Blitzer, though, was talking about a loophole that allows compensation paid to investment fund managers, including hedge fund managers, to be treated as capital gains, not income.
Over the years, capital gains taxes have gone up and down, providing lots of fodder for economic analysis. They increased in 1986 under President Ronald Reagan, decreased under President Bill Clinton in 1997 and decreased under President George W. Bush in 2003. We should note that these changes have taken place as part of packages of other tax cuts and tax increases, usually alongside changes to income tax rates.
We decided to compare charts of annual economic growth rates compared with capital gains tax rates to see what we would find. In one column, we listed the percentage growth using inflation-adjusted numbers for the Gross Domestic Product as compiled by the U.S. Department of Commerce's Bureau of Economic Analysis. In the other column, we included the maximum tax rate for long-term capital gains taxes, as compiled by the nonpartisan Tax Policy Center, going back to 1977. The Tax Policy Center's rates tend to be just a bit higher than statutory rates because it accounts for other parts of the tax code that interacted with the capital gains tax rate. We noted exceptions in 1982 (tax rates were lower, but the economy declined); in 1987 (tax rates increased, but the economy still grew); and in 1993 (tax rates increased slightly, and the economy still grew.)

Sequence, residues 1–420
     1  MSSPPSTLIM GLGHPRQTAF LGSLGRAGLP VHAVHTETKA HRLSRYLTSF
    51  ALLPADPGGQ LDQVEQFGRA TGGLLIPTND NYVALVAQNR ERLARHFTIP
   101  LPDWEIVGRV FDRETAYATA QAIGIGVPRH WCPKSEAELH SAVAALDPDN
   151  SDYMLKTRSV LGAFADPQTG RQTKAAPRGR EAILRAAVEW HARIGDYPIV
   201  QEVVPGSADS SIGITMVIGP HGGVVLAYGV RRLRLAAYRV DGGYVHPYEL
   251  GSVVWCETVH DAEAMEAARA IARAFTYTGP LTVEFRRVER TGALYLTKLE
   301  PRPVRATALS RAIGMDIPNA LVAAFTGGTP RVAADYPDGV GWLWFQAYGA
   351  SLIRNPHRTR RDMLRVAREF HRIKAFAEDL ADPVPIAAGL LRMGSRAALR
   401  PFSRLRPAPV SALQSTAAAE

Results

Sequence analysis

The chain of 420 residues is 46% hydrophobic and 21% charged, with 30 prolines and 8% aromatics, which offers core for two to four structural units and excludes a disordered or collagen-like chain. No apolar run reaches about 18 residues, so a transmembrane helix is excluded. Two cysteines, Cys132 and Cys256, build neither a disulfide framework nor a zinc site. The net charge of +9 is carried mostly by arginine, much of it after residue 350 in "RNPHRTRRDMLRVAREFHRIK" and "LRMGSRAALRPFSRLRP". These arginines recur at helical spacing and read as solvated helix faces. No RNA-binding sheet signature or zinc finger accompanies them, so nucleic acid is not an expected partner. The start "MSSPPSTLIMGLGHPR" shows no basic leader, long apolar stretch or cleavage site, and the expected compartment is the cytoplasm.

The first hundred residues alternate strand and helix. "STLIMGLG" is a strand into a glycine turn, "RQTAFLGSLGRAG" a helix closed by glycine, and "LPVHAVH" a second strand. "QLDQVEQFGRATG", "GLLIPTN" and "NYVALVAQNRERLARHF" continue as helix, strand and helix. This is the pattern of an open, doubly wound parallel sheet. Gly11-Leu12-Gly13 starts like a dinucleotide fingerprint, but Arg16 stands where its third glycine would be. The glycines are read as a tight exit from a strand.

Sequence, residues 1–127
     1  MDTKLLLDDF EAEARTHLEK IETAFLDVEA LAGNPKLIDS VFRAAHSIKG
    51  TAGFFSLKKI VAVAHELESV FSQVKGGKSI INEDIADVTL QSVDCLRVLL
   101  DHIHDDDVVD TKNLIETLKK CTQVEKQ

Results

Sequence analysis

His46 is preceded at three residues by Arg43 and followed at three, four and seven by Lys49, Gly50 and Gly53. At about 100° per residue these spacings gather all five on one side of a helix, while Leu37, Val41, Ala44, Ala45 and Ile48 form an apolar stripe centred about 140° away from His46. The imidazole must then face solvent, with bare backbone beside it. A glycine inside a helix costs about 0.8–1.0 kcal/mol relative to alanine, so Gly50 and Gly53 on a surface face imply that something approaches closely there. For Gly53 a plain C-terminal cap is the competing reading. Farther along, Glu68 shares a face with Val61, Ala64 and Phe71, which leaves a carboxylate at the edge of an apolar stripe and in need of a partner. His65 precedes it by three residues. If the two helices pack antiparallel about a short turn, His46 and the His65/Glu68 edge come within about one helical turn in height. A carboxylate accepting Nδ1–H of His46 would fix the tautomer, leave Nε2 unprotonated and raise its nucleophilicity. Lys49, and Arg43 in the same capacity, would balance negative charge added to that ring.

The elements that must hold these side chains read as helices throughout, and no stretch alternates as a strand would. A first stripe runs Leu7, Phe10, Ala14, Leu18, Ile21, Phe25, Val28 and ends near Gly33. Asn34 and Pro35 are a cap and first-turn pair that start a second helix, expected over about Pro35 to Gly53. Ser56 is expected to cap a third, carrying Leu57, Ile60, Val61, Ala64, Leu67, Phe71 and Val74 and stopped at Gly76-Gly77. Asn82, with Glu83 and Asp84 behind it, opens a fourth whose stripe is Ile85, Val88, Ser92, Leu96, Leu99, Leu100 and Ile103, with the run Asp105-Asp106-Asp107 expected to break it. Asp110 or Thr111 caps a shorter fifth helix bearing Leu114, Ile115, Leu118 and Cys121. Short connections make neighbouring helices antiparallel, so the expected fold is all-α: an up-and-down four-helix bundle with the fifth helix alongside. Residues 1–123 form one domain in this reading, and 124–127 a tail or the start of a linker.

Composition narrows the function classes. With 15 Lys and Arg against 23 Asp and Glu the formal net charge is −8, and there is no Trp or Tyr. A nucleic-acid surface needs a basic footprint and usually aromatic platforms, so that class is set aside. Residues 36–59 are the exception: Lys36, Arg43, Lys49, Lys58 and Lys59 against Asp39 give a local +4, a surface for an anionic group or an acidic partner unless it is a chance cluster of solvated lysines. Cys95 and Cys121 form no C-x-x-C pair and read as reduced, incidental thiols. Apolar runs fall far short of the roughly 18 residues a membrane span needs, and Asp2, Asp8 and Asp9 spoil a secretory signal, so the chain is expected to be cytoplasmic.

We looked for other research on the issue and found that Troy Kravitz and Leonard Burman put Norquist’s contention to the test in a simple study published in the respected nonpartisan journal Tax Notes in 2005. They looked at changes to capital gains taxes and compared them with both to stock market performance and overall economic growth. They found a weak relationship between tax changes and the stock market, but virtually no correlation to overall economic growth, measured by gross domestic product (GDP). "Capital gains rates display no contemporaneous correlation with real GDP growth during the last 50 years," they noted. They also tested whether the tax changes had any delayed effects, testing lags up to five years, but found no statistically significant effect.